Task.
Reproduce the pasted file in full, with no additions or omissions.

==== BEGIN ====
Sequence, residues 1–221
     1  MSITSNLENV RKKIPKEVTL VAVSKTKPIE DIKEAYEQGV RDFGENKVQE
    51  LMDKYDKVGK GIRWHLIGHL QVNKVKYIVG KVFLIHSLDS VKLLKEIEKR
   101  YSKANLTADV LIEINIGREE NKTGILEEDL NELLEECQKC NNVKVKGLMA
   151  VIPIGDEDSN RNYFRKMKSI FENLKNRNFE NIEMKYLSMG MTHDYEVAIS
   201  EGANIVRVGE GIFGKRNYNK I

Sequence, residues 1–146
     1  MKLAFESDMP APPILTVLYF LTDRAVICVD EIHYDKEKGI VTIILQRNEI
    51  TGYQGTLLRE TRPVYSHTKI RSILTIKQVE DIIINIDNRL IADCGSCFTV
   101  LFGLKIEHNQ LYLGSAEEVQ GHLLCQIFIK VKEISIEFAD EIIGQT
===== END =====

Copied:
Sequence, residues 1–221
     1  MSITSNLENV RKKIPKEVTL VAVSKTKPIE DIKEAYEQGV RDFGENKVQE
    51  LMDKYDKVGK GIRWHLIGHL QVNKVKYIVG KVFLIHSLDS VKLLKEIEKR
   101  YSKANLTADV LIEINIGREE NKTGILEEDL NELLEECQKC NNVKVKGLMA
   151  VIPIGDEDSN RNYFRKMKSI FENLKNRNFE NIEMKYLSMG MTHDYEVAIS
   201  EGANIVRVGE GIFGKRNYNK I

Sequence, residues 1–146
     1  MKLAFESDMP APPILTVLYF LTDRAVICVD EIHYDKEKGI VTIILQRNEI
    51  TGYQGTLLRE TRPVYSHTKI RSILTIKQVE DIIINIDNRL IADCGSCFTV
   101  LFGLKIEHNQ LYLGSAEEVQ GHLLCQIFIK VKEISIEFAD EIIGQT